The narrow winding streets of Chandni Chowk, the everyday din of curious starry-eyed foreign tourists, insistent street hawkers, busy bazaars, the sound of devout namaaz, the old man doling out generous amounts of biryani, the man at the dupatta store following you with a sample till the end of the lane…it is difficult to relive history in the present day Old Delhi, to shut your eyes and imagine the Chandni Chowk of yore- of suave nobles, bejewelled courtesans, veiled Begums, intoxicated poets, palatial mansions and thriving businesses.

But suddenly you overhear an old man utter some mellifluous Urdu shayari, while his friends egg him on and join him to recite a piece of Ghalib or Zauq or Bahadur Shah Zafar. Immediately, you are transported without warning to what has gone by- the Chandni Chowk conceptualised and designed by the Sahibzaade, the Shahzadi Jahanara Begum.

Jahanara and Chandni Chowk

The iconoclastic Jahanara Begum, daughter of Emperor Shahjahan, designed Chandni Chowk in 1600. The market gets its name from the moonlight reflected in the many canals laid out by her, which ran through the market. It was also her idea to construct all shops in it, in the shape of a half-moon. 

The pattern, the artistry and the shimmering waters of the canal are now non-existent today. There is no trace of any of her enterprises. Evidences of her sizeable contribution are to be found only in ancient history books written in Urdu, some rare surviving anecdote penned down by some student of  Delhi College, or some piece of memory that has managed to slip through the generations.

Jahanara’s Sarai and Gardens

As about everything else in Chandni Chowk, anecdotes and stories abound about the enigmatic princess, you can glean from every hawker, every faqir, every Maulvi, every resident. 

The story goes that the idea of setting up a Sarai was conceived when she was strolling through the glittering silver streets of Dariba Kalan- in disguise, with one of her lovers. Before that, most travellers would find boarding and lodging at the guest houses owned by noblemen. But they were both small, and exclusive.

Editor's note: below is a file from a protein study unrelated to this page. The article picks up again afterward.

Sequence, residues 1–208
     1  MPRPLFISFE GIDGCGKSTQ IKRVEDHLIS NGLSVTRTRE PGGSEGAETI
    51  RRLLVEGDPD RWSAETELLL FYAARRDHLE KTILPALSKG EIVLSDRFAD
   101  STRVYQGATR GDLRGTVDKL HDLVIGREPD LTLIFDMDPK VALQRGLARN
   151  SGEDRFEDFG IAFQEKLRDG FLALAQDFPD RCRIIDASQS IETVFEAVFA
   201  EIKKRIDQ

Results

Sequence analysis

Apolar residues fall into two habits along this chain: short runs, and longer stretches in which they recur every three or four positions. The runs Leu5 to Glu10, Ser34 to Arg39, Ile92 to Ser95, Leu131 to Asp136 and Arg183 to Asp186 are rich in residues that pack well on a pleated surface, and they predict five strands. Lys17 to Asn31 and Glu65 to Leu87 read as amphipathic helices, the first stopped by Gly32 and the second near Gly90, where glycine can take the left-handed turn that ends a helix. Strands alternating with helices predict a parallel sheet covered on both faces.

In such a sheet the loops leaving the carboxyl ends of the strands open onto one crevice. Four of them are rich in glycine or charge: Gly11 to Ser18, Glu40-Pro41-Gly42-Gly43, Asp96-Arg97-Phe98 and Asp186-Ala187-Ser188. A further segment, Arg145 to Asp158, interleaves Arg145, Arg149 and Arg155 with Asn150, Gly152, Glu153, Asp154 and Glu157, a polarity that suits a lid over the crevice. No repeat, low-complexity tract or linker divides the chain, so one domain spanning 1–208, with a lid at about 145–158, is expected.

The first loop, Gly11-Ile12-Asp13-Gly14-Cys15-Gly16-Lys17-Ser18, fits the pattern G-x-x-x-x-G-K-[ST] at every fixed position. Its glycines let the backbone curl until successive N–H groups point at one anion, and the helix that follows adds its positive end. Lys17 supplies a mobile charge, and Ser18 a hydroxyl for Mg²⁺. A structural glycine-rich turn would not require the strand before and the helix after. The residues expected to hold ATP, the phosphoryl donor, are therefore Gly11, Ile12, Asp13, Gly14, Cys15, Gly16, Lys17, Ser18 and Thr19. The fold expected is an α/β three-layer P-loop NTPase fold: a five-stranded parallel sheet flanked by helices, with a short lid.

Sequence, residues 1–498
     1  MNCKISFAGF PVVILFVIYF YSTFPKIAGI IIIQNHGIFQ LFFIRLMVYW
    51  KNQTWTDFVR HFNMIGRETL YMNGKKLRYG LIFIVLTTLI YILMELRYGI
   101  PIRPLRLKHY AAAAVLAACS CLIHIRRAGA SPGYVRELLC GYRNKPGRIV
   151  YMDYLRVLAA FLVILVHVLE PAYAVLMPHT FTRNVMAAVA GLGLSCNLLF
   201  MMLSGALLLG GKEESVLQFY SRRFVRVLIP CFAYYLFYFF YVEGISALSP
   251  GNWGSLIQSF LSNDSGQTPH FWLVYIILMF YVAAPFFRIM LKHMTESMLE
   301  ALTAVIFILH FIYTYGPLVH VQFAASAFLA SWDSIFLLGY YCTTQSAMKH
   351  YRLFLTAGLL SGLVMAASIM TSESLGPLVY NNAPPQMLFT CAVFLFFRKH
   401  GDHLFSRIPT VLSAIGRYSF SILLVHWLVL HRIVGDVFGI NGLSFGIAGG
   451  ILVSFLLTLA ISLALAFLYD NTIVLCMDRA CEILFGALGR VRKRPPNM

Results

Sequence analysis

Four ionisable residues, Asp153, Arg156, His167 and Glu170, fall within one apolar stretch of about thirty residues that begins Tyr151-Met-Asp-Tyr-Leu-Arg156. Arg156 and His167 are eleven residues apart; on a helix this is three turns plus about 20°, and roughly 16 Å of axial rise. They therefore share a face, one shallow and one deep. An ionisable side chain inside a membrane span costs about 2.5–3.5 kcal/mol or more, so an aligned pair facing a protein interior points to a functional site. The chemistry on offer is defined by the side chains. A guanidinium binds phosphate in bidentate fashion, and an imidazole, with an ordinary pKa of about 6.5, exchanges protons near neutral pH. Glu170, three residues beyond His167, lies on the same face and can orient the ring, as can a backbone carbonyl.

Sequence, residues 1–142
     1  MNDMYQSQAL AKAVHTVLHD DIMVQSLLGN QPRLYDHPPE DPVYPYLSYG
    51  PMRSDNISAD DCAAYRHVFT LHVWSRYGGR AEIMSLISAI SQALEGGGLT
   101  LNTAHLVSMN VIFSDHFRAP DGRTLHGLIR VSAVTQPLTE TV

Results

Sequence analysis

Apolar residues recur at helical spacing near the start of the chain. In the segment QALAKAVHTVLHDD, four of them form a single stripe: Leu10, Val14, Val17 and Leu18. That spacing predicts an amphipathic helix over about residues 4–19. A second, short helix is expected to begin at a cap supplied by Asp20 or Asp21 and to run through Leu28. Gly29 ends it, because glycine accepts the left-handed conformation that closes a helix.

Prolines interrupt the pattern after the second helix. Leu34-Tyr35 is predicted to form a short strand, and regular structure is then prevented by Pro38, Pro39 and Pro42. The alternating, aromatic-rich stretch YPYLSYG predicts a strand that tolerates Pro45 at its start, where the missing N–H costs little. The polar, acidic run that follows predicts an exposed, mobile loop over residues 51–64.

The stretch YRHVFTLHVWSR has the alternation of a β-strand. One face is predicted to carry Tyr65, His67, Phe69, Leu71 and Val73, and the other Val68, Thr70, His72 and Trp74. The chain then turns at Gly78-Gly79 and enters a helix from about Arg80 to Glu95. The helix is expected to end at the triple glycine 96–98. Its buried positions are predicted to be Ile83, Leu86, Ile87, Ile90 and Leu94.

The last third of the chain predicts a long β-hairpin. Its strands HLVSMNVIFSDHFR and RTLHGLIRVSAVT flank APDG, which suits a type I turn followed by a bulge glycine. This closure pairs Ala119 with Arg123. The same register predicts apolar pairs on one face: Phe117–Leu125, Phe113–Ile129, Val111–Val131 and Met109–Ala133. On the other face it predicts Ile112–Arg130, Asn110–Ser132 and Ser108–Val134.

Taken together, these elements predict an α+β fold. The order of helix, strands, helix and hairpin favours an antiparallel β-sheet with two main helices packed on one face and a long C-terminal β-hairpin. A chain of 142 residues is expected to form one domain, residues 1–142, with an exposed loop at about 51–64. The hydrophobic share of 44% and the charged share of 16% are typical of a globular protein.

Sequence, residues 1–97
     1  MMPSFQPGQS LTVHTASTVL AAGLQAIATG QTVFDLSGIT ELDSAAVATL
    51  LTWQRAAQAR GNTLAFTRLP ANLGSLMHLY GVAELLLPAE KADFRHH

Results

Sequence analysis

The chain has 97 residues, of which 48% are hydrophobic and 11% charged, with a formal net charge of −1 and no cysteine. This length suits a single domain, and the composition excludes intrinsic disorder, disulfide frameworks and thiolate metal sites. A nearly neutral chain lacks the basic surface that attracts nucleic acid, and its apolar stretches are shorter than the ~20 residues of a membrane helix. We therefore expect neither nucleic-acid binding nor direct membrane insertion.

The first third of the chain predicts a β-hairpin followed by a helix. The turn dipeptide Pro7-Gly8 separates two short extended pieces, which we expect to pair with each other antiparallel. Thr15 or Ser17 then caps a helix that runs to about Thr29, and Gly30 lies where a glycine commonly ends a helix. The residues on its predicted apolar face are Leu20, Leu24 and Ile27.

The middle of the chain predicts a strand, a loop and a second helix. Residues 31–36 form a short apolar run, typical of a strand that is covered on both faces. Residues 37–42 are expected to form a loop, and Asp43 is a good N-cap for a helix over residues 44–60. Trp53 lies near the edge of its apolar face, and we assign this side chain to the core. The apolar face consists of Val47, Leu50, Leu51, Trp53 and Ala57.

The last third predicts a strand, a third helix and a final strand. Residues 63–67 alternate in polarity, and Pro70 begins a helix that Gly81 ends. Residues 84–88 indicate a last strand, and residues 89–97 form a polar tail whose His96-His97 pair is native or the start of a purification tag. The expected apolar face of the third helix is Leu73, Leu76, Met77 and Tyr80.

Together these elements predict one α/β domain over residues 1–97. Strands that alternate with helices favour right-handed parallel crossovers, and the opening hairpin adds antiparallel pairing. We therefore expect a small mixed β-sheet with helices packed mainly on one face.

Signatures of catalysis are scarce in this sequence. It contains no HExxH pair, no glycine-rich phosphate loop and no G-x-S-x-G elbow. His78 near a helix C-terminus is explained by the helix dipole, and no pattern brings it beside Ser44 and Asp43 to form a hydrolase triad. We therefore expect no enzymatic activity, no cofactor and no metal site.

So, in 1650, Jahanara Begum commissioned the construction of a massive structure of stone and marble, surrounded by an Edenic garden lined with huge green trees, dotted by magnificent fountains, and the abode of numerous chirping birds for whom water and grains were laid out in the lawn. There was also a prayer hall attached to the Sarai. Once a week, Shahzadi Jahanara would come with her retinue and meet the tourists herself- a privilege denied to all other women of 
the court.

This Sarai came to be called as “Begumabad”, and the gardens as “Begum ka Baag”. All these accounts are found in Sir Syed Ahmad Khan’s “Asar-us-Sanadid”, documenting monuments and other antiquities of ancient and medieval Delhi.

Again, these books, other yellowed, moth-eaten parchments and the collective memory of the enthused residents of Chandni Chowk, are the only testimonies to this pristine history. Not a wall, not a gate lives to tell its story and the Town Hall now stands where the Sarai used to be. 

The Town Hall

The Town Hall was built by the British, and now houses the various important government offices. It is heavily barricaded, and entry can be gained only through much coaxing and cajoling. The well-cemented ceilings, damp air, dusty office files, grimy cubicles, loud and slothful government officers again make it difficult to imagine a magnificent Sarai at this very spot in the erstwhile Shahjahanabad.

The gradual erasure of history, a severance of the essential continuum between the past and the present haunts you, as you prepare to leave. You try in vain to shut your eyes and picture the elegant, assiduous Jahanara, laying down elaborate plans for her beloved city. But the stamp of the Shahzadi stands obliterated by the ravages of time and a swift ascent to modernity.